By Rachel Smiles
Filmed back in May of 2018, and made public in June of the same year, Beyoncé and Jay-Z’s music video for APESH*T still continues to have a cultural impact today. Shot entirely in and around the Louvre Art Museum in Paris, the six-minute music video parallels striking images of classical artwork and perfectly in sync dance sequences.
The artwork is featured in a variety of ways; the Carters flank Da Vinci’s Mona Lisa, remaining largely motionless but mimicking her famous smirk. Jacques-Louis David’s Madame Recamier is centred in a stunning shot during a few moments of a silence in the music video – as the camera slowly zooms in on the painting and the two black dancers sitting poised beneath it, dressed in head wraps that have the potential to evoke the image of servants or slaves. The image is not too different from the short yet piercing gaze of Marie- Guillemine Benoist’s Portrait d’une Négresse, which when intercut with the images of the Carters smiling gleefully among their success and lyrics such as “Can’t believe we made it,” creates a powerful dynamic of change and of representation.
The music video recontextualised not only Western classical art and its set of largely Eurocentric aesthetics, but exposed classical art to the world of pop culture. The Mona Lisa, for fans of Beyoncé and Jay Z, is now more than just a famous Renaissance painting but is associated with this relevant billionaire duo. The 188 million people that have so far viewed the APESH*T music video were more than likely watching it for the content of the music duo – rather than a musical tour through a French art museum. And yet the Louvre has reaped the rewards in the time since the measly $17,500 one-day shoot, with visitor numbers rising by 25% to 10.2 million in 2018 (more than any museum has had before). The Louvre even has a dedicated tour designed to cover all of the shots from the video – certain to attract avid fans.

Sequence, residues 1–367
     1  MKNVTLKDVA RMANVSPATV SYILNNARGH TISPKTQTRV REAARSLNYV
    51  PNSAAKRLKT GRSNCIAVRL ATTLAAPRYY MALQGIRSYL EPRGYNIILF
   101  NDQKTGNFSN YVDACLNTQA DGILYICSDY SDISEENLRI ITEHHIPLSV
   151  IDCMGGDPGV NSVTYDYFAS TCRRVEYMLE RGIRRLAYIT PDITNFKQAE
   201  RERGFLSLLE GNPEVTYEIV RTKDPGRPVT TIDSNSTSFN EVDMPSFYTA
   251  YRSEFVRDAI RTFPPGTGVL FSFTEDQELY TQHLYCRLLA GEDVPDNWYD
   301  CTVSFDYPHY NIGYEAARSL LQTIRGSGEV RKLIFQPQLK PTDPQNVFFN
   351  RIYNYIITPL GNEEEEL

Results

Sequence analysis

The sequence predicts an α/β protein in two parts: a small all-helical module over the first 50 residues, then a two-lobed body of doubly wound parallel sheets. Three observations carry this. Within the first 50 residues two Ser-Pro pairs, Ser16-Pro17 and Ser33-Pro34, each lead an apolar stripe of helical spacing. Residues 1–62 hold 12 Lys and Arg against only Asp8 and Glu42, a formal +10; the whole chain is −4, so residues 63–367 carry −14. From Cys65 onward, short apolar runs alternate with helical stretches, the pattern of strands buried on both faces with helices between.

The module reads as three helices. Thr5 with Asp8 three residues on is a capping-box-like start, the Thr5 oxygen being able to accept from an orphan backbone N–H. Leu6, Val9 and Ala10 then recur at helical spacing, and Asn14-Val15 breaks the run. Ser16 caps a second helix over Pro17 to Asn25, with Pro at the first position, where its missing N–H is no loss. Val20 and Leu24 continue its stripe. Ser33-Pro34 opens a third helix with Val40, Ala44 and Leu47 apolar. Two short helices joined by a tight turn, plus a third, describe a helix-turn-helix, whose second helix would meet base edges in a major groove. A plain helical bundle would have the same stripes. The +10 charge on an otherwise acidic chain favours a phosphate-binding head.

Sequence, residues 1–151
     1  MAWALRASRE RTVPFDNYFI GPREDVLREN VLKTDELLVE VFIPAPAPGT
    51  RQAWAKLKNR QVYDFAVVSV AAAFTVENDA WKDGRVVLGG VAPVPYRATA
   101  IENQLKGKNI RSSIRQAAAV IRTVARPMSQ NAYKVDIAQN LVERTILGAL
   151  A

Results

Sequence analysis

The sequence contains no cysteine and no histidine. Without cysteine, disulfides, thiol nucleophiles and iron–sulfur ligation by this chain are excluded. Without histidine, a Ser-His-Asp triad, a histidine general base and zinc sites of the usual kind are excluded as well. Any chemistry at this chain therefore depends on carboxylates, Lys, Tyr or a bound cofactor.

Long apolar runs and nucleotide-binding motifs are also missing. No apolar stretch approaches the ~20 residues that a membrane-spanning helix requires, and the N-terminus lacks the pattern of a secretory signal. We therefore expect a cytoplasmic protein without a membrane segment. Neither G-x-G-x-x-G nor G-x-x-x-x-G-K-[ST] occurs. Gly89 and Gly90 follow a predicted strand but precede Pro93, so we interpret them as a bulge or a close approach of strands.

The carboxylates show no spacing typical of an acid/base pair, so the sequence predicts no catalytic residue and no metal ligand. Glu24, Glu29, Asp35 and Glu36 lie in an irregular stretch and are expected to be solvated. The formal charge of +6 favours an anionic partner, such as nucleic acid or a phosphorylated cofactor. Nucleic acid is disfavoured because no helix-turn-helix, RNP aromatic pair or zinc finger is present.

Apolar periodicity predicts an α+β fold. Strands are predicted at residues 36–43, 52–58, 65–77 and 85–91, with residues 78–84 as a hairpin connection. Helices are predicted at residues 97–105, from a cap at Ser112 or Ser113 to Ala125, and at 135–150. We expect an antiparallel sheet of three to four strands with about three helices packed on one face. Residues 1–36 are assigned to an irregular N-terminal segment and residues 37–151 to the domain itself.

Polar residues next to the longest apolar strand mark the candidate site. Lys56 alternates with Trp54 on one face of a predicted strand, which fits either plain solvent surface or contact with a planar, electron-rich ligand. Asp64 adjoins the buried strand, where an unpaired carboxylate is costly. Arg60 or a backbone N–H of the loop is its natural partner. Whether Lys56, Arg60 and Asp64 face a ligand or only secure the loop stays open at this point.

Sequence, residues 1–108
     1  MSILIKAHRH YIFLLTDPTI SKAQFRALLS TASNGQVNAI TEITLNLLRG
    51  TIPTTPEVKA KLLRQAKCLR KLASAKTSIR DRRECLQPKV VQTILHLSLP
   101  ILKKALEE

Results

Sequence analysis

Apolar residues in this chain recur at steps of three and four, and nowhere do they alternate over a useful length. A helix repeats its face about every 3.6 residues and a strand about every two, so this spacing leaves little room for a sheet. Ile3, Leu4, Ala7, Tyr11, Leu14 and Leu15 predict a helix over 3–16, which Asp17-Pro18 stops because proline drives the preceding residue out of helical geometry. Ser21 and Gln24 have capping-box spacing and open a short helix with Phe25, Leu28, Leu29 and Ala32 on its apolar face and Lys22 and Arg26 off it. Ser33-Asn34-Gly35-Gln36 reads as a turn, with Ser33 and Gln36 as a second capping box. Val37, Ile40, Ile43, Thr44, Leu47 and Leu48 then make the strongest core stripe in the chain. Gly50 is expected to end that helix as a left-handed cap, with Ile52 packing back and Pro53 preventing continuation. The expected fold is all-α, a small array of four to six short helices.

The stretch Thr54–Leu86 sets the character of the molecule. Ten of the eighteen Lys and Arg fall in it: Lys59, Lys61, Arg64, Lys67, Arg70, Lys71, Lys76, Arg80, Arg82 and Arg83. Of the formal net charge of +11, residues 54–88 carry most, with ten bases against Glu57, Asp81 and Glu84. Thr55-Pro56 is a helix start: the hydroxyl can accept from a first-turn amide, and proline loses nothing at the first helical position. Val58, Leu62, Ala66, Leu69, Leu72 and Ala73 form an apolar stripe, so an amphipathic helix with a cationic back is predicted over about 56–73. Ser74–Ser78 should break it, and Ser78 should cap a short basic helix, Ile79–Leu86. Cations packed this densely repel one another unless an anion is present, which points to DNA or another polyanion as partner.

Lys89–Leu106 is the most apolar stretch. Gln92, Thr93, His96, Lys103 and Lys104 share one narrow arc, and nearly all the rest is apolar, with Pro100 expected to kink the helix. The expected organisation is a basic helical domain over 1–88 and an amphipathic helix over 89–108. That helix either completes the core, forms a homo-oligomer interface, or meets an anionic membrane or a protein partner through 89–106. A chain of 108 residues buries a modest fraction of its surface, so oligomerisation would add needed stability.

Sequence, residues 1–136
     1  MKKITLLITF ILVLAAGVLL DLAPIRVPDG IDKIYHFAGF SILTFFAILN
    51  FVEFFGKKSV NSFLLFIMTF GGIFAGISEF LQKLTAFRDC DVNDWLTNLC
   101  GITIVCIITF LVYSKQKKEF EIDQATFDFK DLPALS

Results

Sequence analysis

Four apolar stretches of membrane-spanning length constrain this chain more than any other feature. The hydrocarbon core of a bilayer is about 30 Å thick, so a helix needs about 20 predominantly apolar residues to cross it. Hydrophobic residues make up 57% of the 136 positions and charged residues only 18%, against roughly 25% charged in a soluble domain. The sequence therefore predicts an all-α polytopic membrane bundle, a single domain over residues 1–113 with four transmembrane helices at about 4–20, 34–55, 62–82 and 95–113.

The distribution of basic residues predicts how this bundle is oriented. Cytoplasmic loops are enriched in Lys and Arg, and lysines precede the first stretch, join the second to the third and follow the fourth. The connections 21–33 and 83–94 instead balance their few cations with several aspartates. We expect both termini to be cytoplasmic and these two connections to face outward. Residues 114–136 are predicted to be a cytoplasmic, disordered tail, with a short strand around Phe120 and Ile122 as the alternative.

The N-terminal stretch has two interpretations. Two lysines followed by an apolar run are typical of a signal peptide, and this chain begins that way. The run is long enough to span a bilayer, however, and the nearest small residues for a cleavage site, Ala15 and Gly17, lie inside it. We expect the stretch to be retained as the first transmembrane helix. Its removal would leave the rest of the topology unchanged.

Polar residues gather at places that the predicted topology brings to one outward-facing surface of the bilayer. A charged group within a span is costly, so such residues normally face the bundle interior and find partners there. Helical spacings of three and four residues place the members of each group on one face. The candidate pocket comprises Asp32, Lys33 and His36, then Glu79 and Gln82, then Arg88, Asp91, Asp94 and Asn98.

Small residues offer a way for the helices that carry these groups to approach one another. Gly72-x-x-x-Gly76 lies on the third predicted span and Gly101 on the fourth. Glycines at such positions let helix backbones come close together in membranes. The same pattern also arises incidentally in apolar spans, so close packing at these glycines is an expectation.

Did the Carters manage to redefine what a museum is and what its artwork can represent in today’s world? This may be one of the clever ploys to keep museums and galleries relevant and thriving in the 21st century, but we must question at what cost? The music video – if we can assume the large increase in visitor numbers can almost entirely be attributed to it – certainly brought about a renaissance of sorts of classical art appreciation, especially to a wider audience that perhaps would not have cared for it before. The debate is whether these new visitors truly appreciate the art, or just wish to see the set of a famous music video – can we judge that? Amidst the potential for social and political statements in the music video, it’s just trying to make classical art ‘cool’ – evident in the final shot of the Carters turning to admire and appreciate the Mona Lisa.